woman speaking with caption 'EXPOSING HOTELS' (l) hotel room door opening (c) woman speaking with caption 'EXPOSING HOTELS' (r)

Sompetch Khanakornpratip/Shutterstock @_lusea/TikTok (Licensed) Remix by Caterina Rose

‘I don’t care how ritzy it is’: Former hotel worker says staying in a hotel is ‘one of the nastiest things you can do.’ Here’s why

'The cleaning staff will cut corners in every way that they can to meet their time markers.'


Amara Thomas


Posted on Apr 25, 2024   Updated on Apr 24, 2024, 1:17 pm CDT

In a viral TikTok video, a former hotel worker, Lusea (@Lusea), says hotels often cut corners when it comes to cleaning rooms. Lusea shares that she worked at a major un-named chain hotel when she was younger and alleges that hotels don’t wash comforters. 

“Staying at a hotel is one of the nastiest things you can do. I don’t care how ritzy it is. Corners will be cut,” she alleges. She then shares a list of reasons why hotels are the “nastiest.” 

“Duvet covers and comforters are never washed. Unless there is visible contamination, stain, or something on it. It does not get washed,” she says.

She says that even the things that do get clean are often are done in questionable ways. “The glasses or glassware in that hotel room… gets washed in the bathroom sink of that room with a rag and whatever cleaner or soap you have there, and then put back,” she says.

“The towels that are in the hotel room that are used by people staying in the hotel room are what we used to clean the shower, the bathtub, and the bathroom, and then send them down to the laundry. The towels you are using to shower with double as cleaning rags,” Lusea claims.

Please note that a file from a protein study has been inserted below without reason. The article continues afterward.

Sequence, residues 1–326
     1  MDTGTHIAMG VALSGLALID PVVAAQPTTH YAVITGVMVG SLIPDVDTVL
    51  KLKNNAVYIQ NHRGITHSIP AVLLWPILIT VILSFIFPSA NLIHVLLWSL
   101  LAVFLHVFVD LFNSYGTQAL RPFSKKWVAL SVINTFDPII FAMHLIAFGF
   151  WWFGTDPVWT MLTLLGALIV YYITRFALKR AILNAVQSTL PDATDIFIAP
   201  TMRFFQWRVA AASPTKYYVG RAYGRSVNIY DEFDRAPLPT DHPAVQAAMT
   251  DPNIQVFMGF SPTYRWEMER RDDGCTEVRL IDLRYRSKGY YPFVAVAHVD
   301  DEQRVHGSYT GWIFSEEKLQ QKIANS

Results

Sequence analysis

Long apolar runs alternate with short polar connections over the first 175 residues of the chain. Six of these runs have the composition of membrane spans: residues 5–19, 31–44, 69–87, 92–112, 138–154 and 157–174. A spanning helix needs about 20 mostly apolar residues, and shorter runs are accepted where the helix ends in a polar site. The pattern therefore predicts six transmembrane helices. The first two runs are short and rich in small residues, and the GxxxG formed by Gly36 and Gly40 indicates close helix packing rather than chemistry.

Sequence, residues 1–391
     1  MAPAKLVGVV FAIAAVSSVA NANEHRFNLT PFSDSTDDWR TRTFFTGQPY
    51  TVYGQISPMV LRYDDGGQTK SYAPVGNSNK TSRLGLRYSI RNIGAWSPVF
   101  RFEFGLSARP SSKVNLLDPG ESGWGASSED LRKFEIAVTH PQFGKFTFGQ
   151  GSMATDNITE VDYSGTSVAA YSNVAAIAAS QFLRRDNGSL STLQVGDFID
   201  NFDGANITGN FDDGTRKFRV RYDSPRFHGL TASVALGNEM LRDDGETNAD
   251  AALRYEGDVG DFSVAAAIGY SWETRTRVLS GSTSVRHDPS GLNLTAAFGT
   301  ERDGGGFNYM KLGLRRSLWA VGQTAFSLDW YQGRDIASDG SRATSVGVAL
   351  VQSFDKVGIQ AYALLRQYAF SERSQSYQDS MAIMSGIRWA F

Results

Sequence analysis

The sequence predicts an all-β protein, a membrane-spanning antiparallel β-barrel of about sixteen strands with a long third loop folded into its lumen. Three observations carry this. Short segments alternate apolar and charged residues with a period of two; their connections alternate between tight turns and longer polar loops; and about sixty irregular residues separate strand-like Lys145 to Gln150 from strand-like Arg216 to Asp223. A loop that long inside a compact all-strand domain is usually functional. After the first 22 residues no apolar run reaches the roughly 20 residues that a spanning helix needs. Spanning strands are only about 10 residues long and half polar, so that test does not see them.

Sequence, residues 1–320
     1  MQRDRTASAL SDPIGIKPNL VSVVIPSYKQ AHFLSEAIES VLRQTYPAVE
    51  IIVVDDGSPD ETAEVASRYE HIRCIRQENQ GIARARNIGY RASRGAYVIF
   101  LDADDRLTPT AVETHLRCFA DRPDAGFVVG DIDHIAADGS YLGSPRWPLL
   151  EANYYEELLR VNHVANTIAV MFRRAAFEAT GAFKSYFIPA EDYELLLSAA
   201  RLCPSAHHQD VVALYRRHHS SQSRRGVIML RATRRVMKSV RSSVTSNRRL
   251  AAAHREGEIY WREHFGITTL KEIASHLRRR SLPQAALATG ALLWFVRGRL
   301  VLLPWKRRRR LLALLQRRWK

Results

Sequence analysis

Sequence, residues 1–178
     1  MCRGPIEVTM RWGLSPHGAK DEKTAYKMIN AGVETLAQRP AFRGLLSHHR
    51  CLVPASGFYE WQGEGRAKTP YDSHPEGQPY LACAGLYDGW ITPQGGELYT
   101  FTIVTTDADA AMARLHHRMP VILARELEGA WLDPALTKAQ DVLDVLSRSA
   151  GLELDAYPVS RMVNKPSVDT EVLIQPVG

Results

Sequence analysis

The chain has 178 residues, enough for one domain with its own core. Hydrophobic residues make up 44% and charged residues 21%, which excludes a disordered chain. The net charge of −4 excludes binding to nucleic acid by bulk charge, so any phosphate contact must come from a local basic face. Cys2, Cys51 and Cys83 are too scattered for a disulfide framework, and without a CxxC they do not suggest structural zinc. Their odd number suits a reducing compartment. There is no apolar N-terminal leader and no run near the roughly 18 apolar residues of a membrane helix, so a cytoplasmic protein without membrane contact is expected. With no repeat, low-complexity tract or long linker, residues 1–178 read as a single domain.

“The garbage in the hotel room—the bag is not taken out and thrown away. The garbage is taken and dumped into a bigger garbage trolly and left in there. Unless it’s wet or something is stuck on it, the bag is left there, and that is the tip of the iceberg,” she continues.

The reason hotel rooms aren’t always properly cleaned

Yet, she argued that the reason why cleaning in hotel rooms is sub-par is because cleaning staff are working within real-time restraints.

“You have to do it quickly. Get in, get it clean, and get out. You are on a time constraint, so corners are cut. The cleaning staff will cut corners in every way that they can to meet their time markers because they have to,” she says.

@_lusea If I have to stay in one now theres so much I avoid. #hotel #hotels #hotelroom #exposed #exposedfyp #cleaning #cleaningtiktok #travel #traveltiktok #traveltok #traveltips #traveling #companysecrets #secret #fup #fyp ♬ original sound – lusea

Other hotel workers respond

The viral video has 764,000 views with thousands of comments. That video has sparked much discourse between current and past hotel employees debating if Lusea’s accusations are correct. 

One viewer shared, “[At] Hilton we change beds. They do not care about you not having enough time. You get it done right or no job for you.” Another hotel employee chimed in, “I’m a housekeeper and we wash everything and change everything. Our rooms are checked and we get wrote up if it’s not done right.” 

However, a different hotel worker agreed with Lusea. They shared a similar experience.  “They NEVER wash their comforters or sheets. Only pillowcases. We also could ONLY spend 30mins cleaning 20 rooms each within 8hrs. UNREALISTIC EXPECTATIONS,” they shared.

Is your hotel room clean?

So it really comes down to the hotel itself and what pressures said hotel puts on its workers.

There are a few ways you can check if the hotel room you are staying in is clean. A hotel manager said in travel blog Adventures All Around that your first step should be checking reviews left by other guests before booking your hotel if cleanliness is that important to you. You can usually filter the reviews by keywords like “clean” and “room,” too.

Once you’re in your room, the hotel manager recommends you to ask for new pillowcases as “these are commonly overlooked.” The manager also warns against using the bedspread. Also, the pillows in the closet, if there are any, are “more likely to be freshly washed than the ones on the bed,” so those will probably be safer to use, too.

Furthermore, Reader’s Digest spoke with a Harvard University public health specialist who recommends against sitting directly on sofas in hotel rooms.

The Daily Dot reached out to Lusea via email for comment.

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*First Published: Apr 25, 2024, 6:00 am CDT